In the current system, people 65 and over are eligible for Medicare, which Obama has said he would keep for now.
Romney has proposed raising the eligibility age for Medicare beneficiaries from 65 to 67 in 2022, then increasing it by a month each year after that. In the long run, he would index eligibility levels to "longevity." Ryan's budget plan proposes raising Medicare eligibility age by two months a year starting in 2023, until it reaches 67 by 2034.
Many others looking to keep Medicare solvent have also proposed raising the age of eligibility.
The Congressional Budget Office estimates that raising the minimum age from 65 to 67 would reduce annual federal spending by 5 percent. But it would also result in higher premiums and out-of-pocket costs for seniors who would lose access to Medicare.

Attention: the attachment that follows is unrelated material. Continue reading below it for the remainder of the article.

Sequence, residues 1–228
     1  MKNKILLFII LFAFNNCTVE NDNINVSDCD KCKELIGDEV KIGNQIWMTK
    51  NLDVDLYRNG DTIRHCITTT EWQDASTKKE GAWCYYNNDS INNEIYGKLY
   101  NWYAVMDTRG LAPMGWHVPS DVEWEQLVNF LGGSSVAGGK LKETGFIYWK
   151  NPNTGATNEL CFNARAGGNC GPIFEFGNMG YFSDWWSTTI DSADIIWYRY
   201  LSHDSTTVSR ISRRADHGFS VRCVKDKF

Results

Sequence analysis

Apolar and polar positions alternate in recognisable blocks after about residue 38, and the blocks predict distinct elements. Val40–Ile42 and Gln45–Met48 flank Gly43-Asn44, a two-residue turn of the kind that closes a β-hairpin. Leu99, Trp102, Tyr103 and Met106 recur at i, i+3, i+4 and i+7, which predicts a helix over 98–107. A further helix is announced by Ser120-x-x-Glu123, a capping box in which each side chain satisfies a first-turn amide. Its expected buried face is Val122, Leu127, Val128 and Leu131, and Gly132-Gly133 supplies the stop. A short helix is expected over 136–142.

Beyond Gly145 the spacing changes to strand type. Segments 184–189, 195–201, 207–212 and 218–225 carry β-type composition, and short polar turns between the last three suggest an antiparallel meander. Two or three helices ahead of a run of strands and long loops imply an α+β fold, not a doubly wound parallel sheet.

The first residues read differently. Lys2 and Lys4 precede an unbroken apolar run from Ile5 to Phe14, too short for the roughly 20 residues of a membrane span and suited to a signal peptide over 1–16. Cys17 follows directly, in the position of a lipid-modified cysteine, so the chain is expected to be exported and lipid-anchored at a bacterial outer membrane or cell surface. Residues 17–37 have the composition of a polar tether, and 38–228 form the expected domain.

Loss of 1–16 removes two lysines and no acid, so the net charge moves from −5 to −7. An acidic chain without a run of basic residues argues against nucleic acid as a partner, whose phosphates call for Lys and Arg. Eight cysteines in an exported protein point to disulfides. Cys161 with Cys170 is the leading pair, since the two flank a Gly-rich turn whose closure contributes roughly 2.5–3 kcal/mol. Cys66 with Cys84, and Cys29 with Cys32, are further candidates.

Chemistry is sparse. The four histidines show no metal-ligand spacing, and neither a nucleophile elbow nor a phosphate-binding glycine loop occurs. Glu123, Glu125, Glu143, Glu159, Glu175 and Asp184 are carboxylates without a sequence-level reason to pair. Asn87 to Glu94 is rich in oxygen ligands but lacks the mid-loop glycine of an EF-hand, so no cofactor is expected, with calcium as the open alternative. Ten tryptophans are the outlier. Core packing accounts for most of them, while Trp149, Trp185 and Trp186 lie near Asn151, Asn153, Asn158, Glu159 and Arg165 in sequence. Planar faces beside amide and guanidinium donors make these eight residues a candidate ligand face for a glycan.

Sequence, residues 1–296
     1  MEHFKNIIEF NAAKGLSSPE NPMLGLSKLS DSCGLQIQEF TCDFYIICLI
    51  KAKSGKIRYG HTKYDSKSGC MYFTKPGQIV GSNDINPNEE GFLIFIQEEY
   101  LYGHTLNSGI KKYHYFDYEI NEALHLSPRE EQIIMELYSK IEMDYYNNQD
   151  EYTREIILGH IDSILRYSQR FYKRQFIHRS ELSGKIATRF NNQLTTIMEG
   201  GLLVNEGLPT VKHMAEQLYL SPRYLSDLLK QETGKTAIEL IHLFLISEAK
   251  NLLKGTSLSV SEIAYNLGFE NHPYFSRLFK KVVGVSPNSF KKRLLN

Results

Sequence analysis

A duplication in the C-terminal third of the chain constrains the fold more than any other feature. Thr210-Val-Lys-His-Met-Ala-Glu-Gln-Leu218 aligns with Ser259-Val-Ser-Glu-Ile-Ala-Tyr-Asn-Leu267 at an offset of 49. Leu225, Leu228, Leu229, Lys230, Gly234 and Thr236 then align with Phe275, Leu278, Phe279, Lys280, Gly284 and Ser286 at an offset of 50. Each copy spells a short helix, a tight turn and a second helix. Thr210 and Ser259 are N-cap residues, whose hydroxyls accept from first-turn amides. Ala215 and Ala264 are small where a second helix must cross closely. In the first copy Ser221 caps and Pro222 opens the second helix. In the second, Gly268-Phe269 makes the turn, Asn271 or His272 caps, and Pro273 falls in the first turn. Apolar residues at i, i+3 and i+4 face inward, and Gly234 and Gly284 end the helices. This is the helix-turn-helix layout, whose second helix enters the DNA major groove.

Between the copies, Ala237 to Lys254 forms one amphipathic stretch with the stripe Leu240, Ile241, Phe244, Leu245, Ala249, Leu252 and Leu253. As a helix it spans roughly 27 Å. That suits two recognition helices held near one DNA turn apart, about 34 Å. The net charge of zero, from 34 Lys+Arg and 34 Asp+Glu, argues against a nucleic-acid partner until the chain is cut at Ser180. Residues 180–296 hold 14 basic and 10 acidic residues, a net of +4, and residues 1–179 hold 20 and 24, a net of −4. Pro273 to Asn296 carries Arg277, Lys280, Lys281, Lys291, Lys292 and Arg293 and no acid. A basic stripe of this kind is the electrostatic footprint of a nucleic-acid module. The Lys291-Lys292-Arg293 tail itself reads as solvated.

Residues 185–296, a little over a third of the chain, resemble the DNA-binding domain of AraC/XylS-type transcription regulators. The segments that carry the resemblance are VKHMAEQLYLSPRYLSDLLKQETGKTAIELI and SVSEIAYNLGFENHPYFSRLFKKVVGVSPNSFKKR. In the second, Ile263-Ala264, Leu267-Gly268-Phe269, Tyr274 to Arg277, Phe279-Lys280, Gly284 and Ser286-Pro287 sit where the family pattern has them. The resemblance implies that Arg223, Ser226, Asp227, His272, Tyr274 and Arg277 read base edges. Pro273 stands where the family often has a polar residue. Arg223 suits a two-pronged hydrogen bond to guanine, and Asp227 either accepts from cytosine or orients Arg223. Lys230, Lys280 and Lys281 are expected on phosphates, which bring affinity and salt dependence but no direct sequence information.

The Affordable Care Act is projected to reduce Medicare spending by $716 billion over the next 10 years. These reductions, as detailed by Washington Post's Wonkblog, will come mostly from reducing payments to hospitals, nursing homes and private health care providers.
"The ACA grows the trust fund by giving more general revenue to the Treasury, which then gives the trust fund bonds. But it then uses the money from those bonds to expand coverage for low- and middle-income people," explains Dylan Matthews on Washington Post's Wonkblog.
Romney hasn't really come up with a solid answer: he previously said he would restore the $716 billion savings that the health care law imposes. Per this New York Times story, the American Institutes for Research calculates this would increase premiums and co-payments for Medicare beneficiaries by $342 a year on average over the next 10 years.
For more on where the candidates stand on the $716 billion, the private health policy Commonwealth Fund offers this helpful explanation.
Caps on Spending
Both Obama and Ryan have set an identical target rate that would cap Medicare spending at one-half a percentage point above the nation's gross domestic product.